Encouraging School Success by Fostering Community, Belonging
September 16, 2016
“In the 16 years that St. Mary’s has been providing quality education for our little ones, this is probably the smoothest transition from summer to school that I have ever seen,” said Director Susan Rawls. “We have had eager and delighted learners coming in each day this week, with very few tears, and we thank our parents for helping to prepare their children for the transition from home to school.”
Fostering a sense of belonging is of utmost importance in every classroom as we begin the school year, and teachers have worked hard to establish warm, engaging environments for the children. By establishing rituals and traditions in our classrooms, we encourage school success.
“I love how each of our teachers has a special greeting for each child every single morning – how important each of your children must feel as the teacher greets him or her with a warm hug and asks about family and about plans for the school day,” Rawls said.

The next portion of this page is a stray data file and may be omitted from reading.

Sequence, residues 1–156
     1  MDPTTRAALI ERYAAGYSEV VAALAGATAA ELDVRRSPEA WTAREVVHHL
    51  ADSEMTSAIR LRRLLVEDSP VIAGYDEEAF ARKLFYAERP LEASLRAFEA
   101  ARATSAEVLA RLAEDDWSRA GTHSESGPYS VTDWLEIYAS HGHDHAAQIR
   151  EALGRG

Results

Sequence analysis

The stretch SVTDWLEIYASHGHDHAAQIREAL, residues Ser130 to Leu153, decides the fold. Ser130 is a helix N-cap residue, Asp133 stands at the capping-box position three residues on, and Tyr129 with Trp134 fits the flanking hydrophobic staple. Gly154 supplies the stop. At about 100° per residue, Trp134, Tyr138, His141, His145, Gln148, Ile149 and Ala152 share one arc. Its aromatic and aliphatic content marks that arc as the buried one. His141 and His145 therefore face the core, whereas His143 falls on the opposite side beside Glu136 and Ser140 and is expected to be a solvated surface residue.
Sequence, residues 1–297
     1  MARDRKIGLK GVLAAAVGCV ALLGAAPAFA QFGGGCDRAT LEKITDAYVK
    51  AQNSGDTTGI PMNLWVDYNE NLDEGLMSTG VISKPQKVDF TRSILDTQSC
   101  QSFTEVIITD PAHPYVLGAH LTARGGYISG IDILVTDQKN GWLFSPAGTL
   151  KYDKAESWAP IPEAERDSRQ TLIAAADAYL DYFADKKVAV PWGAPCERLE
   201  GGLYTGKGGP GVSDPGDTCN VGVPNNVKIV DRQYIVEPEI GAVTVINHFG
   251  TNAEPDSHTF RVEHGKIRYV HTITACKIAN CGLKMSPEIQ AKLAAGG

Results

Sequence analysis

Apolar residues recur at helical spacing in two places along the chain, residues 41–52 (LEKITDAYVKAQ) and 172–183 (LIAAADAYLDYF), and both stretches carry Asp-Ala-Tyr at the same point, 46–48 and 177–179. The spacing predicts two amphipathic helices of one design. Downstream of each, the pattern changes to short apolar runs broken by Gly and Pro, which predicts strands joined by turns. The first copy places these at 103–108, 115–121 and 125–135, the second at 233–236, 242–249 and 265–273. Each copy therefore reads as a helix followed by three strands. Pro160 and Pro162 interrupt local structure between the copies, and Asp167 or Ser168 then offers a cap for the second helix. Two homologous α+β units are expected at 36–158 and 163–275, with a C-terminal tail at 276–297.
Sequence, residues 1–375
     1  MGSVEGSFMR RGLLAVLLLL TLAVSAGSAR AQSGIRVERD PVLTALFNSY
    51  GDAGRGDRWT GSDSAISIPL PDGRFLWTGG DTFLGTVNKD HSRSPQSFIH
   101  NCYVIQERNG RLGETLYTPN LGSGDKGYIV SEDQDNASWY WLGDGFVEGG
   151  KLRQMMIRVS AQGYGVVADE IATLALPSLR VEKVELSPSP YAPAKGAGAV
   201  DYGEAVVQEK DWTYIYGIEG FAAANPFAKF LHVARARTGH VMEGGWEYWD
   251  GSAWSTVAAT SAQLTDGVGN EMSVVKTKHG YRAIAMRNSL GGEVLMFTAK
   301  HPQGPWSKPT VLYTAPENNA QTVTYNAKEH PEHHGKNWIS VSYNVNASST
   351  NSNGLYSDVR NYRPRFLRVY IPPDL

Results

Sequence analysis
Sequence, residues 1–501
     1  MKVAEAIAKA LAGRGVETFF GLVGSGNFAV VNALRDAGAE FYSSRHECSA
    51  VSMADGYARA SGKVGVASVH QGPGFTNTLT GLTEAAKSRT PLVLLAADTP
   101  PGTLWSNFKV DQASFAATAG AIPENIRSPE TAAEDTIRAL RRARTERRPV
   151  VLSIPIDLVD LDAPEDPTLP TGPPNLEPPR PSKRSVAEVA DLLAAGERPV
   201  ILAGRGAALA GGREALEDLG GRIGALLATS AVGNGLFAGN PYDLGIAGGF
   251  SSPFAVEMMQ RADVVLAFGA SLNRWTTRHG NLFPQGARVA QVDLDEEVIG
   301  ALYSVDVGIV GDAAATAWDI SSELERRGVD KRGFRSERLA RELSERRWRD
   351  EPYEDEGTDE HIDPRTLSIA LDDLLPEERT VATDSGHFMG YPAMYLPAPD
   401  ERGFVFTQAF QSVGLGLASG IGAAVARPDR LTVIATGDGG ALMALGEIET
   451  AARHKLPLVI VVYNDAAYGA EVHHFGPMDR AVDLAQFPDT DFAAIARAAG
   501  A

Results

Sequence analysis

In the two-year-olds class, the children check out the “Who’s here today?” board, while the children in the four- and five-day classes have a “sign in” ritual to establish who’s here. Snack time, circle or gathering time, center or investigation time are also events of each day that help to develop and build the class rituals and traditions. The shared predictable experience that helps the day move from moment to moment empowers each child and helps to establish that sense of order and connectedness necessary for meaningful learning.
In many classes, the children have brought posters from home that share the family community with their classmates and allow each child to use language skills to talk about themselves and the relationships among their family members, giving the children a way to connect their home culture to their school.
JK Teacher Mrs. Dixon shares that in her class the first few weeks of school help guide the children to adjust to the classroom routine, but teachers remain flexible to the needs and interests of the children. She said she also spends these first few weeks nurturing independence with daily tasks and encouraging children to build relationships in the classroom.
“It is important for each child to know that they are valued and have an important place in our classroom,” Dixon said. “Research indicates that some of the most important skills for school readiness and success are to learn how to positively interact with others, communicate, collaborate and problem solve.”